As we discussed the issue – they from a data perspective, me from a process perspective – a common approach emerged. The biggest problems of enterprise programs were that they failed to start at the enterprise level, and those initial projects focussed on too small an area, with the understandable and perfectly valid reason to get that “score on the door”. However when going further the business architecture or Target Operating Model (TOM) “provides a vision and framework for the change program; it acts as a rudder for the projects, helping the individuals involved make good decisions.” Derek Miers and Alexander Peters, without this rudder, projects can all too quickly run a ground.

This operating mode, also specifies the strategy and core processes that will support the new operation, these processes will imply a set of services (create customer, update address) and a set of data objects that are required. Once defined at this logical level the technical services and reusable components can also be defined. The core data objects once identified should be defined in a common information model that will support the core processes.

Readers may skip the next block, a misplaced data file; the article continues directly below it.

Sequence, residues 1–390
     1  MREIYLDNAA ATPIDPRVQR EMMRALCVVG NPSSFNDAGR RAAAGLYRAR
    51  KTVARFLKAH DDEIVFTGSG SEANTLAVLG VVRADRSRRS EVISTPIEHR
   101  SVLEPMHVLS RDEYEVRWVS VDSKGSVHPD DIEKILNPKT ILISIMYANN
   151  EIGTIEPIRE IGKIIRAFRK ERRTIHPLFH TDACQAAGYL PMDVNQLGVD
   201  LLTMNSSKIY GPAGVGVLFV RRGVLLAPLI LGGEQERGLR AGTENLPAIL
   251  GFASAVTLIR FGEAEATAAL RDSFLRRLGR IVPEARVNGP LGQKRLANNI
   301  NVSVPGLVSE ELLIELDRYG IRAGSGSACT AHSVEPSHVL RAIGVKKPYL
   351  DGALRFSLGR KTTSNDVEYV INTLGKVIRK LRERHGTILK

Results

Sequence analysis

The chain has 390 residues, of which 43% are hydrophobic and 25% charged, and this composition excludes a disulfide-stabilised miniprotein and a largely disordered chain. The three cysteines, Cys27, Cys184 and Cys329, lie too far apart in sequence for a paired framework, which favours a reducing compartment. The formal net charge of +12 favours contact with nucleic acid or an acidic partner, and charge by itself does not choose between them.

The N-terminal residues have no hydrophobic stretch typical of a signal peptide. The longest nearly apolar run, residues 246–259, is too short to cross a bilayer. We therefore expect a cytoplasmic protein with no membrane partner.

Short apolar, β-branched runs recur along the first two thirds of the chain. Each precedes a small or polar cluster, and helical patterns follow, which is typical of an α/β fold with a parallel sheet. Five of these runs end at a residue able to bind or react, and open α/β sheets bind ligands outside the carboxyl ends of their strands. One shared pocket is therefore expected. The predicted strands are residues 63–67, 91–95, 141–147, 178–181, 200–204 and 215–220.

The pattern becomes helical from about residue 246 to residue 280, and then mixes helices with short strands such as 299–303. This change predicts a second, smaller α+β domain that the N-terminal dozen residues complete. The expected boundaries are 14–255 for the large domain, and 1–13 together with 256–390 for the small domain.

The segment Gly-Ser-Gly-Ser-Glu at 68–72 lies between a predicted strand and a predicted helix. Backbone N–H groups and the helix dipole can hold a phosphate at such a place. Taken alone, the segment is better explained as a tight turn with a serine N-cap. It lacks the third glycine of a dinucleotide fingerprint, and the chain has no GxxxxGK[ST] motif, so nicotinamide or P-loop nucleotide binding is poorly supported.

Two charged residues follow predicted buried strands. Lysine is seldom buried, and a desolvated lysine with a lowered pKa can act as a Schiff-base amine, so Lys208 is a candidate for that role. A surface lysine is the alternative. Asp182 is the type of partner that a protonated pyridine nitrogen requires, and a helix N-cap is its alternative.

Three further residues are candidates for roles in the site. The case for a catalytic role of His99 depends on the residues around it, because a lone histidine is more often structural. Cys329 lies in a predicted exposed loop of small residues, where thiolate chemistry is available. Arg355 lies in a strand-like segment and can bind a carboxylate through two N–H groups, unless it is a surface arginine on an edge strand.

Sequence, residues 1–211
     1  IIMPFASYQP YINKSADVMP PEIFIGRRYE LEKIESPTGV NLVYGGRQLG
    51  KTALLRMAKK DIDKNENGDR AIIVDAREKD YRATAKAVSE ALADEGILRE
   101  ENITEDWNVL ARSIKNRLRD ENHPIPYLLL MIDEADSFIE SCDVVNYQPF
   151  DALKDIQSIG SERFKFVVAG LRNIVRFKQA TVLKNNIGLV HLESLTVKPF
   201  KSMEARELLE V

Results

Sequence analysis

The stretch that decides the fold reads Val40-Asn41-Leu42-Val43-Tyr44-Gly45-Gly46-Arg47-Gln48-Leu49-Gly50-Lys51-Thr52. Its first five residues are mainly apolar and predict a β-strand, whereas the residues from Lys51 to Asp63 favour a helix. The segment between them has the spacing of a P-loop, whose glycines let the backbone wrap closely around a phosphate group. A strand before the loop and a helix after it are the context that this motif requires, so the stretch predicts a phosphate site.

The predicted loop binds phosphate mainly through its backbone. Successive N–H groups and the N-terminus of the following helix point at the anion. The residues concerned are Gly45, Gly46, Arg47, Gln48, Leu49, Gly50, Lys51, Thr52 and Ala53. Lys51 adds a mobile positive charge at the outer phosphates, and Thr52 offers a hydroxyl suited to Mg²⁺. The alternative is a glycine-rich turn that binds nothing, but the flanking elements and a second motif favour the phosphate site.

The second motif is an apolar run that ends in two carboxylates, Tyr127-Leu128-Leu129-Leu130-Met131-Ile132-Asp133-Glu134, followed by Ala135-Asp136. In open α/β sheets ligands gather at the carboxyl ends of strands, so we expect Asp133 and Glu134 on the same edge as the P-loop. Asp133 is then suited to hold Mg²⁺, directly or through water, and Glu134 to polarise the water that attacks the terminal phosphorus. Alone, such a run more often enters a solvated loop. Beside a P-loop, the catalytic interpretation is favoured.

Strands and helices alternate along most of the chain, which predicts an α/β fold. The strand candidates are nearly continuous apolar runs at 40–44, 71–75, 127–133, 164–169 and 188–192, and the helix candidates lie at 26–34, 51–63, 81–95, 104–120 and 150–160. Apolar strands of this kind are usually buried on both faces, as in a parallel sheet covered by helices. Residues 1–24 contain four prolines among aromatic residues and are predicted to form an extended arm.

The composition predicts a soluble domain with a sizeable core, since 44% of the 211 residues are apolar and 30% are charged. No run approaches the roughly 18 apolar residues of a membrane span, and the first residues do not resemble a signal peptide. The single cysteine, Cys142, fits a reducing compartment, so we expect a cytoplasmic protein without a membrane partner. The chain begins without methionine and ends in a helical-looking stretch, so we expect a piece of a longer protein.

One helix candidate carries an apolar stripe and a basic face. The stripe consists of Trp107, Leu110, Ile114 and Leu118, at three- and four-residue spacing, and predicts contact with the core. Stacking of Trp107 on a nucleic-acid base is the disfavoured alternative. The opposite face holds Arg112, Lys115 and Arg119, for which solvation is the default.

Working on a number of engagements the process has been refined into the following steps.

  1. Create TOM with a clear vision and strategy
  2. Define the business operations and core  business processes to deliver the strategy
  3. Select 4 or 5 processes and  identify the data entities required to support them
  4. Create a common information model (CIM) with agreed enterprise definitions of the data entities
  5. Identify reusable services that create, update or amend  the entities (these become reusable business services)
  6. Build a single process  project 1 and populate the CIM with general attributes*
  7. Incrementally develop the CIM over the life of the program building in additional entities required to support new processes

*Please note: some data attributes will be very specific to a process (e.g. insurance rating engine) which can be created only in the BPM solution. However, other attributes and entities will be applicable to the enterprise and so should be stored in the CIM.

Acknowledgements

I would like express heartfelt thanks to my colleagues and peers who through lively discussion, debate and violent agreement helped refine the ideas expressed in this paper.

  • Chris Coyne
  • Simon Gratton
  • Fernand Khousakoun
  • And external sources
  • Derek Miers and Alexander Peters
  • Master Data Management Enables BPM and SOA  Michael Blechar Gartner June 14, 2009

[i] BPM Solutions like Cordys and Software AG have BPM solutions fully integrated into their suites.